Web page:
Abbott calls for heads to roll at the ABC

The Abbott Government has crossed a line by setting up an inquiry to interfere directly in the editorial processes of the ABC. That is the true obscenity of the Zaky Mallah Q&A affair.

Yesterday Abbott announced an “urgent” inquiry into Monday’s episode, saying it was “utterly incomprehensible” the ABC had “compounded the mistake” by rebroadcasting the episode.

    “Now frankly, heads should roll over this, heads should roll over this,” he said.

    “We’re not satisfied with an internal ABC inquiry because so often we’ve seen virtual whitewashes when that sort of thing happens.

    “Frankly the ABC ought to take some very strong action.”

So the outcome is predetermined, the inquiry is about the detail, according to Abbott.

Mark Scott has fired back at Tony Abbott, saying that the ABC is a national broadcaster, not ‘a state broadcaster’ like North Korea and Russia. China and Vietnam.

    “At times, free speech principles mean giving platforms to those with whom we fundamentally disagree,” Mr Scott said in a speech in Melbourne on Thursday night.

    “Media organisations often give air time to the criminal and corrupt, to those who express views that run contrary to accepted public values.

    “You have to set the bar very high before you begin to exclude certain views or perspectives.”

On the decision to let Mallah into the audience, Scott said:

    it would have been appropriate for Q&A to air a pre-recorded question from Mr Mallah, noting numerous media outlets had given him “considerable space” over the years. But he said it was a mistake to allow him into the studio audience to ask a question.

    “The risks and uncertainties of having him in a live programming environment weren’t adequately considered before the decision was made to accept his application to be in the studio audience,” he said.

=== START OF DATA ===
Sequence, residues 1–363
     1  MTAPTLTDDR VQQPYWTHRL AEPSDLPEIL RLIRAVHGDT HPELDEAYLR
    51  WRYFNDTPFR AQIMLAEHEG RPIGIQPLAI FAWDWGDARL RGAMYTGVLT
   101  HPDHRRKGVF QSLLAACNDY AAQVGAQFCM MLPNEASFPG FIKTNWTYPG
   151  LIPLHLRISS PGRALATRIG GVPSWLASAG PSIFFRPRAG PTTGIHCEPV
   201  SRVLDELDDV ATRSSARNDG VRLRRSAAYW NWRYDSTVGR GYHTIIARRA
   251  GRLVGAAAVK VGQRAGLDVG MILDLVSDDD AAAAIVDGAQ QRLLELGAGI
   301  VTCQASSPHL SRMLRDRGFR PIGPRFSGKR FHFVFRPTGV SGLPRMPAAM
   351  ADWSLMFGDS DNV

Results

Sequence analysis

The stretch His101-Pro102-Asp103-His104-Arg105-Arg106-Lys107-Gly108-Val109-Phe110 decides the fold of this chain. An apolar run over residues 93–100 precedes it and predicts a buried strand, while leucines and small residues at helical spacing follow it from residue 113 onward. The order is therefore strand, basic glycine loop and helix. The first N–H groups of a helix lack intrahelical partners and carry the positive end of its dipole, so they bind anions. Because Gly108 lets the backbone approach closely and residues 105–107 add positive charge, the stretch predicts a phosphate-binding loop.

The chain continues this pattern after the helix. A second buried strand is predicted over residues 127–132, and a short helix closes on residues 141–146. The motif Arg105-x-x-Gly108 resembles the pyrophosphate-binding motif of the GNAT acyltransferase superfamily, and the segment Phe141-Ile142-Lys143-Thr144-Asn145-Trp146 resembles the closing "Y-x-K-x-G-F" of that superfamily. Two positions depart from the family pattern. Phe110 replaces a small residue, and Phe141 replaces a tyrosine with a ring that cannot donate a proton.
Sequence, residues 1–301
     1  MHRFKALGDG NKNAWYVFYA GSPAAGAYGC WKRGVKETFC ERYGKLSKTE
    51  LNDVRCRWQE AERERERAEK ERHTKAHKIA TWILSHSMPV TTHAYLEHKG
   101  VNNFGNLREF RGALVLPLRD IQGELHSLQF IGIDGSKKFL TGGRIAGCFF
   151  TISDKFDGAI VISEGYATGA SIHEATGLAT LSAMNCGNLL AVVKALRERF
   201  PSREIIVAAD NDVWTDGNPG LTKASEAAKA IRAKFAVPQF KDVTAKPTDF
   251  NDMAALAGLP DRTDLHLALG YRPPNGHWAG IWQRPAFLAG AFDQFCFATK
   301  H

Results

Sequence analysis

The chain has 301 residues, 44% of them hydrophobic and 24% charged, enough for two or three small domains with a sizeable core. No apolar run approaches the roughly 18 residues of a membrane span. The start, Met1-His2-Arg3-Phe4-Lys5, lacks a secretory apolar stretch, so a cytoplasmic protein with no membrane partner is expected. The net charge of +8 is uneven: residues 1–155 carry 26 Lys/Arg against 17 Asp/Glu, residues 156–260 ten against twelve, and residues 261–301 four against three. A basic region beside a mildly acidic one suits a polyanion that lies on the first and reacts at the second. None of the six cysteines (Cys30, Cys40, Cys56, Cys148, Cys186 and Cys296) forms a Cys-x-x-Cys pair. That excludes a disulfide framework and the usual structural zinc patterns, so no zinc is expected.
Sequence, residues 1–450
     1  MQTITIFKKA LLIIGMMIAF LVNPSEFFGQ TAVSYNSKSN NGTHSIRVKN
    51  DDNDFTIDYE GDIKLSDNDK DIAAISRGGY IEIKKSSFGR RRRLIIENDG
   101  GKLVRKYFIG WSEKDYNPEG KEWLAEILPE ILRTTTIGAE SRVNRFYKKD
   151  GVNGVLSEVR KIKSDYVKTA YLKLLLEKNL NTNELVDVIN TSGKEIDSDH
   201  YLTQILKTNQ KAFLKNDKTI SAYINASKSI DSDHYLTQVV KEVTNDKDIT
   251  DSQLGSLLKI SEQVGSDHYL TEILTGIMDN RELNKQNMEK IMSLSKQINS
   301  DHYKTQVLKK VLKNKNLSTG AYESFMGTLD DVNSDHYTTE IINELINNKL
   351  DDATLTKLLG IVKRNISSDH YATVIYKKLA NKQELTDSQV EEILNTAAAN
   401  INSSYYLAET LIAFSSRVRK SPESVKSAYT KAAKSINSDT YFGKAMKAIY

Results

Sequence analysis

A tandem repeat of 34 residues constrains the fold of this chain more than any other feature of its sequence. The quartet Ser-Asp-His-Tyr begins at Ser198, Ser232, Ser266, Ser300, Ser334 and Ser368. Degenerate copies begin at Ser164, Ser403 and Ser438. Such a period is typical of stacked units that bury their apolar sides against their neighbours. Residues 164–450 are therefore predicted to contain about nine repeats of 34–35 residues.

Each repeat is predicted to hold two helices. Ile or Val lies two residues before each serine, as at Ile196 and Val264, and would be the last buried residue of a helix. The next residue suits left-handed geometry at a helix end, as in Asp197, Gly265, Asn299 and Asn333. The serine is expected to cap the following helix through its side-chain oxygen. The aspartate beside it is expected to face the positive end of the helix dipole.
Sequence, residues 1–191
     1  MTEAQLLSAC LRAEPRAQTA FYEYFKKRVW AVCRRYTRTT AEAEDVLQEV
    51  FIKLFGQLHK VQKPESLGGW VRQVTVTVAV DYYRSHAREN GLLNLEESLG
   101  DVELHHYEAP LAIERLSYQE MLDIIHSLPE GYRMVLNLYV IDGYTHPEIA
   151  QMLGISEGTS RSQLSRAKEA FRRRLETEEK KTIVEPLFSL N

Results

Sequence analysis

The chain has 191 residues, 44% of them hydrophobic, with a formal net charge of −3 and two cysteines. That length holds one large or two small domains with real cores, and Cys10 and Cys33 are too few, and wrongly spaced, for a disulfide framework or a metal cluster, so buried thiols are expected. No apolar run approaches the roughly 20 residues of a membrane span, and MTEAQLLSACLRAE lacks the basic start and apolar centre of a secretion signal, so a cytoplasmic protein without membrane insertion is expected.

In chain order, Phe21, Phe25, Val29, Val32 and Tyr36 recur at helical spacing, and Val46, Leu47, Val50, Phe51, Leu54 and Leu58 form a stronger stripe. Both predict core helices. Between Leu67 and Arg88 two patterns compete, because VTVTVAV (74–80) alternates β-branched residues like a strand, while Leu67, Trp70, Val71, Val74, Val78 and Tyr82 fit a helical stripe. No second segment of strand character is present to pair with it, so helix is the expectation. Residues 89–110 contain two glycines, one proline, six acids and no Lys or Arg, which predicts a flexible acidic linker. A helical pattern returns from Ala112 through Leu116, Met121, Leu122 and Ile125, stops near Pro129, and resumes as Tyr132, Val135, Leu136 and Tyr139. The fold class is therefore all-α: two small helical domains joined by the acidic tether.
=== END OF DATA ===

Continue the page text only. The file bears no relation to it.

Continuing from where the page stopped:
He defended the Q&A as a program saying it had “all the potential of being a 20-plus year franchise for the ABC.”

It’s important to understand what in fact Mallah said. From the transcript:

    As the first man in Australia to be charged with terrorism under the harsh Liberal Howard Government in 2003, I was subject to solitary confinement, a 22 hour lockdown, dressed in most times in an orange overall and treated like a convicted terrorist while under the presumption of innocence. I had done and said some stupid things, including threatening to kidnap and kill but, in 2005, I was acquitted of those terrorism charges. Question to the panel: What would have happened if my case had been decided by the Minister himself and not the courts?

Steve Ciobo, parliamentary secretary for foreign affairs:

    “my understanding of your case was that you were acquitted because, at that point in time, the laws weren’t retrospective. But I’m happy to look you straight in the eye and say that I would be pleased to be part of a government that would say that you’re out of the country as far as I’m concerned.”

Mallah then said he was an Australian (he is, with only one passport) and would like to see Ciobo out of the country.

Mallah was clearly angered by what Ciobo said and after about five minutes of discussion by diverse people he said:

    “The Liberals now have just justified to many Australian Muslims in the community tonight to leave and go to Syria and join ISIL because of Ministers like him.”